Fleeting glances in the early 2000s, and longer lasting memories dating back to about 1970 have installed memories that refuse to budge. It is the same with everywhere and everyone, I am sure, our initial memories are the bedrock upon which change is measured, considered and finally accepted or rejected. People are the same: “My, how you have grown” is the irritatingly common observation heard by most ten-year-olds at some point, and so it is with travel.

I am even old enough to remember James Michener’s fine novel, The Drifters, an image of Torremolinos in the 1960s that first urged me to travel and has left an indelible print on my imagination regarding the perfect beach and the perfect vacation.

And so, here I am. The first leg of my drive to Sierra Leone with The Ambulance, and here to wait for my two Australia colleagues to catch up. My computer disaster (or actually potential disaster, averted by a Gibraltarian wizard) brought me south a week early, with ample time for lengthy computer repairs and to enjoy the Costa del Sol.

Well, the computer repairs were all of an hour (fortunately), which left time to explore.  Unfortunately, any semblance of James Michener has been firmly eradicated, and there is not a self-respecting Drifter to be seen.

The most interesting part of the coast is possibly Gibraltar and La Linea. Another example of dual-economies with each distinct place living symbiotically with each other.

Gibraltar; from a distance 
Gibraltar is a very odd place; a combination of Georgian England still mildly revelling in the victory at Trafalgar, the centre for the global on-line gambling industry and some rather innovative tax shelters. All of this exciting economy needs a large number of workers, and to fill the needs, between 6 and 10,000 folks cross the border to Gibraltar every day to work. On the balancing side, thousands of young Gibraltarians live in La Linea where there is plentiful accommodation at reasonable prices. This works for both sides, but we will see what the new post-Brexit border looks like; while the border in Ireland has been the focus of most discussion, the frontier at La Linea will also become an external EU border, and will certainly have a basket of new formalities.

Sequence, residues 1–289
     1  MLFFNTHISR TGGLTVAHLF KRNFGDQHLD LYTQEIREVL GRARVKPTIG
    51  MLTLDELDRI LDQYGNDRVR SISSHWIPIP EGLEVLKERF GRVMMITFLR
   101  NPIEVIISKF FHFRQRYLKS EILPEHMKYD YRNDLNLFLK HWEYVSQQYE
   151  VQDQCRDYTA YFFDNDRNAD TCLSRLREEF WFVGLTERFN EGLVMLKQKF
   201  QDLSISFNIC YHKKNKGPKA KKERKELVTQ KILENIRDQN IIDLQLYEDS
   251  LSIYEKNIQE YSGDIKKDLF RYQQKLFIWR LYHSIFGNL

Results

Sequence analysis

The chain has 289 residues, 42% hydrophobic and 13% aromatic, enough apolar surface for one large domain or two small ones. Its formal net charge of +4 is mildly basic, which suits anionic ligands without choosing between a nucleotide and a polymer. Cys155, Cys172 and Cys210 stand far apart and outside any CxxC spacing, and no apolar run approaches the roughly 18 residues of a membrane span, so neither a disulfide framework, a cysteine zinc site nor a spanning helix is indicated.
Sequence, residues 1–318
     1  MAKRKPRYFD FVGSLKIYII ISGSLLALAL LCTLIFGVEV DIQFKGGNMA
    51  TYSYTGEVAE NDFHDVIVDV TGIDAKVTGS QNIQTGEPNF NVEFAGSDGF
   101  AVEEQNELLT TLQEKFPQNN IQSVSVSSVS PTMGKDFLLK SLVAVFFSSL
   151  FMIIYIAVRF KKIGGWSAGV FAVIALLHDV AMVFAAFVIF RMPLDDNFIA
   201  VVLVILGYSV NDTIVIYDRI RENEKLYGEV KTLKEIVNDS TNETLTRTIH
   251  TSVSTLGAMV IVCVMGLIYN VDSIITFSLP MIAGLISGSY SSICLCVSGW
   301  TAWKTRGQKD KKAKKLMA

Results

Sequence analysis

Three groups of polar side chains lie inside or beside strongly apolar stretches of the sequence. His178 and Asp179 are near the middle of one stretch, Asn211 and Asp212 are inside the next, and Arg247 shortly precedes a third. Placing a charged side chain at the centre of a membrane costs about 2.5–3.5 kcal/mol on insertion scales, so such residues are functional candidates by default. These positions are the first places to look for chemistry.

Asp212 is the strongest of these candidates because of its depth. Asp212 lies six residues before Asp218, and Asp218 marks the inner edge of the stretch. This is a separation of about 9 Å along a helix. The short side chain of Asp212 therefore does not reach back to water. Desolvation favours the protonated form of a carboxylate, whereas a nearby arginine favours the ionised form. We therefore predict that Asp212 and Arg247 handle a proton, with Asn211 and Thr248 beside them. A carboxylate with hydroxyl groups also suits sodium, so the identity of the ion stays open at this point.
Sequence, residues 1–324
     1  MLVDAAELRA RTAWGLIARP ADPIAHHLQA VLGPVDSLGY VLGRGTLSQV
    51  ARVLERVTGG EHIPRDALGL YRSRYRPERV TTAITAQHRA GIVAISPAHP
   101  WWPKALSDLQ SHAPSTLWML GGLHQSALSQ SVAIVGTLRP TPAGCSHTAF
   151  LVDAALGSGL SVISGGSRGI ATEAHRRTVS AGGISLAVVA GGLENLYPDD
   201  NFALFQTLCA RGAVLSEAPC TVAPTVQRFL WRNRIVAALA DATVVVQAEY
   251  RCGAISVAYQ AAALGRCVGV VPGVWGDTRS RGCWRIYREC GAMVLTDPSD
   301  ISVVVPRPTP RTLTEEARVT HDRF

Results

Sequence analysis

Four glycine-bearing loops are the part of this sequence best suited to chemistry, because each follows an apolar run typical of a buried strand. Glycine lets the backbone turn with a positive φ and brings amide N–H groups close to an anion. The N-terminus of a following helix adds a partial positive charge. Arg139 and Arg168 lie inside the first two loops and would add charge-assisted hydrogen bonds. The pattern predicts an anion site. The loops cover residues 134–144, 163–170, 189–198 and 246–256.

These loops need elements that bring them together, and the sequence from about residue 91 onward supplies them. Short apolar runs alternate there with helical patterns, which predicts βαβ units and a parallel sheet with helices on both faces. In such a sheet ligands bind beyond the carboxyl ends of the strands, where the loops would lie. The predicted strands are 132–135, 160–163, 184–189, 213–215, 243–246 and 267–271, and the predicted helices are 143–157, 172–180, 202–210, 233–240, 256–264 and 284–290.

Between La Linea and Malaga lie an almost continuous chain of identikit Spanish villages. The differences lie in the village names and the potted history that is displayed on large signs at each beach; tales of “when this was a fishing village” and “how we used to use olive oil” and the origins of the local castle. Mostly indifferent restaurants staffed by disinterested staff peddling indifferent food to indiscriminating visitors at silly prices.

Spot the resort
And Real Estate Developments; the number of developments that are being built, being sold and catering to who know who …. While a concrete block with a “sea view” of the coast some five miles away, offering “on-site” restaurants, swimming pools and entertainment may appeal to some, and obviously they do. The coastline is dotted with an unimaginable number of these compounds and just occasionally, discretely hidden a few kilometres off the main road, one can find an actual Spanish village, possibly with some actual Spaniards living there.

Tourism is a major industry; it is responsible for far more jobs in places like Andalucía than any other industry can possibly generate. It is the economic lifeblood of this region and many other parts of the Mediterranean. The sea is the economic driver.

However, for those with a hankering for a destination more in line with the 1960s than the 2020s, there are still many places to go. Montenegro, southern Italy, the non-Russian resorts of Turkey and more. Even parts of the Spanish coast are still quite delightful (you know how much I love Tossa), but the Costa del Sol has really become a parody of itself, and indistinguishable from so many other international resorts the world over.

Time to move on.